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    Does anyone else think like it seems Russia is going backwards in Globalization and slipping back into more of a communist state a little bit?
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    this needed to happen you know )))
    won't be a surprise to see them ruling the crypts

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    Quote Originally Posted by Jokerman99 View Post
    What makes you think it is impossible to ban?
    I can not find the article, it was years old, about Silk Road investigation, the fraud cops and so on. The FBI agent there said clearly: we wanted to ban bitcoin, but we realized we can not. And that is true.

    The reason is the decentralized nature of bitcoin. Bitcoin is not at one server, or one cloud or at some system of clouds. Nodes can run after tor. The system works with huge reserves and it would be extremely costly to ban it. Bitcoin is probably mined even in North Korea, so ironically even NK is on the side of anarchistic freedom. The debate now: 1x vs 2x, is also about this. 1MB blocks are about maximal security; 2MB+ blocks want higher capacity, but system more exposed to attacks. There are even extreme proposals like luke-jr: 300KB blocks. Bitcoin will not go to 300KB blocks, but if some state attacks are launched, bitcoin will adjust. As AA said: bitcoin now is something different than in the past and in future will be also something else. Just the end users will not see the difference.

    This is not Liberty reserve, where they had to pick up one or two guys in Belize (or something like that) and seize few servers.

    But there are other problems: how you define bitcoin, if you want to ban bitcoin. Even bitcoiners do not know what is bitcoin. BCH and BTC have the same code until 31st July 2017. Even if the law defining bitcoin has whole blockchain in it, bitcoin is adding each 10 mins other data. It can always fork. Hardforks change whole code. This is how most other cryptocurrencies were created after all. So how to ban bitcoin then? You have to ban blockchain. But wait: there are cryptocurrencies that do not run on blockchain, but they use different cryptography. So banning bitcoin means you have to ban all cryptocurrencies. Even those which do not exist yet.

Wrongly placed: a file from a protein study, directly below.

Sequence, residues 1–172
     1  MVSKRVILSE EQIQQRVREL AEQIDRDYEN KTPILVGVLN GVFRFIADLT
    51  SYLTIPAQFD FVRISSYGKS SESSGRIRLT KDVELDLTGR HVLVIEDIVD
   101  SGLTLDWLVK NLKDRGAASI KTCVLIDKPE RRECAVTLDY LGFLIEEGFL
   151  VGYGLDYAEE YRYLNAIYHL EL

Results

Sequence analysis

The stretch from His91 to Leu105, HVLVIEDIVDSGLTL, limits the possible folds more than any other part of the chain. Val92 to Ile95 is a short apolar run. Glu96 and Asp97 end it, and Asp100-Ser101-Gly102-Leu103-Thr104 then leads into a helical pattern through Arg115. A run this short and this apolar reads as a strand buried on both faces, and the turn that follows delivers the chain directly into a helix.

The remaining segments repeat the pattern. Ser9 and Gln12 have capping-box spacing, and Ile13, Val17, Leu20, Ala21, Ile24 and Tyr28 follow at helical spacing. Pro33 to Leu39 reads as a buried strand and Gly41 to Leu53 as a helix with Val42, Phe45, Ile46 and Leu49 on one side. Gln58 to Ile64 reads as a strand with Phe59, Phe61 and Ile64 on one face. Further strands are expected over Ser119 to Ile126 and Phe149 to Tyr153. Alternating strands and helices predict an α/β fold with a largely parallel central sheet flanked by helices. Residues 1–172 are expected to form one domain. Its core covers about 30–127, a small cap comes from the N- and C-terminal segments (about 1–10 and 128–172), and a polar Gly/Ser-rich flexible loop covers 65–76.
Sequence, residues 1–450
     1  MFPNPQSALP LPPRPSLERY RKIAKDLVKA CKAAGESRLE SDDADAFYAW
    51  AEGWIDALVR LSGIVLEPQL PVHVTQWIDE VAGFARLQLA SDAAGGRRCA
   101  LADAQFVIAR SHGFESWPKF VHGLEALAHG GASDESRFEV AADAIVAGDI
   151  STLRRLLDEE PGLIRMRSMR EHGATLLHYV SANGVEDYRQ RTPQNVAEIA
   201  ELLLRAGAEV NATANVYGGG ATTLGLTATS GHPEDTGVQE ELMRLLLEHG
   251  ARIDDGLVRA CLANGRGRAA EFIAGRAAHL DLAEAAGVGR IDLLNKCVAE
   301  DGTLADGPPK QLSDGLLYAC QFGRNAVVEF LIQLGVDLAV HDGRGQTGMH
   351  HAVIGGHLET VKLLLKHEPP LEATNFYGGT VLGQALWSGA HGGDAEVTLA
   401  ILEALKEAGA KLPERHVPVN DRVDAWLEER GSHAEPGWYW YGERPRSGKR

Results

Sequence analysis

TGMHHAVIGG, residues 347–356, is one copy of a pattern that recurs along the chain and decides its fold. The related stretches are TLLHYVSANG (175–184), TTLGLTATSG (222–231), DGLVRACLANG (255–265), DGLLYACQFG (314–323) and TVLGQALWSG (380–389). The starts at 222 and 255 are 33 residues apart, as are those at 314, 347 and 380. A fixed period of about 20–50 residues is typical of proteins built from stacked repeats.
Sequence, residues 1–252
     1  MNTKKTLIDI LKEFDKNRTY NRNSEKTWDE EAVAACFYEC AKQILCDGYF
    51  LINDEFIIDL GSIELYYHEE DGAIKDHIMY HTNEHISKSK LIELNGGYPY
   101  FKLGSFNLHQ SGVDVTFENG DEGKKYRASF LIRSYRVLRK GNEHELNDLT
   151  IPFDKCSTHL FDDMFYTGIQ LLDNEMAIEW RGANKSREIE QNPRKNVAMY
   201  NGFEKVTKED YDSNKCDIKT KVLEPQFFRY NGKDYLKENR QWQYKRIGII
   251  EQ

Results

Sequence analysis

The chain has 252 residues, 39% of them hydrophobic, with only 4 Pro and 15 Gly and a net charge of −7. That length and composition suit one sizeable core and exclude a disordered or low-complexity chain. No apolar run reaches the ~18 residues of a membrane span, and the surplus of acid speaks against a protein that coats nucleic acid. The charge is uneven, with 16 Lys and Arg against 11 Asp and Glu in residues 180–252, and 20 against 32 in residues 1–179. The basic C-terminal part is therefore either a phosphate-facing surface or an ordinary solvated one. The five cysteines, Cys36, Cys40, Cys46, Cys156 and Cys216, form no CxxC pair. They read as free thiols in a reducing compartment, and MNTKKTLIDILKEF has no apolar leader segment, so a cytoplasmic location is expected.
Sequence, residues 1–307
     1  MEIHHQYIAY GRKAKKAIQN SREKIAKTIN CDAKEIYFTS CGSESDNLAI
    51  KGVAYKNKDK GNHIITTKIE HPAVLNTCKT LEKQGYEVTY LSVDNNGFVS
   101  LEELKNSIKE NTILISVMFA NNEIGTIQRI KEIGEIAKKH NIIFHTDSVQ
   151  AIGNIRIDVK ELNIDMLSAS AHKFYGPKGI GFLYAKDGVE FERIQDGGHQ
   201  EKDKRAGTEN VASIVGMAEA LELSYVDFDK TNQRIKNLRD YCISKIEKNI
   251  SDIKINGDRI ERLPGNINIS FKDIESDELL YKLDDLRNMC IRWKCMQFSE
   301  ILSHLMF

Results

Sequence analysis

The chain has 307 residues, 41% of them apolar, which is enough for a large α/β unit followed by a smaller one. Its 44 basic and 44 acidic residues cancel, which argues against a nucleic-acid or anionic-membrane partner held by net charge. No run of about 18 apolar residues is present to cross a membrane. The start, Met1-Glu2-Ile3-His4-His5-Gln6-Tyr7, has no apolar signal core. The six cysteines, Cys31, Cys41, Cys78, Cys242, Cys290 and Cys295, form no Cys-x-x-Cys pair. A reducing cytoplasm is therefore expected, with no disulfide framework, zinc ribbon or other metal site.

But here the problems just start, even if countries make it to this totalitarian state: most cryptos are anonymous or pseudonymous. Just the parties involved know, that there was some payment. So banning cryptos means that you ban any financial transaction between two or more entities, that is not approved. You must create super-Orwellian and socialistic country with most of GDP sacrificed to surveillance, just to limit those transactions. Even the crippled democracy we have now would be long gone. And guess what: economy and free trade would be ruined, but bitcoin would survive this and people would be still using it (maybe in some fully anonymous form). There are countries like Cuba or Venezuela that I think ban foreign currencies. Still those currencies are widely used as reserve currency for that economies. Nobody can do anything with that and those are paper money in totalitarian states, not just some encrypted passwords.

    In Japan bitcoin is now official currency (more or less). So banning bitcoin is going against a Japanese payment system. Bitcoin is now being bought by hedge funds and soon by pension funds and people will be able to invest directly 401, IRA and so on. The more money is in, the more painful the ban is, because it would cause a loss to the voters.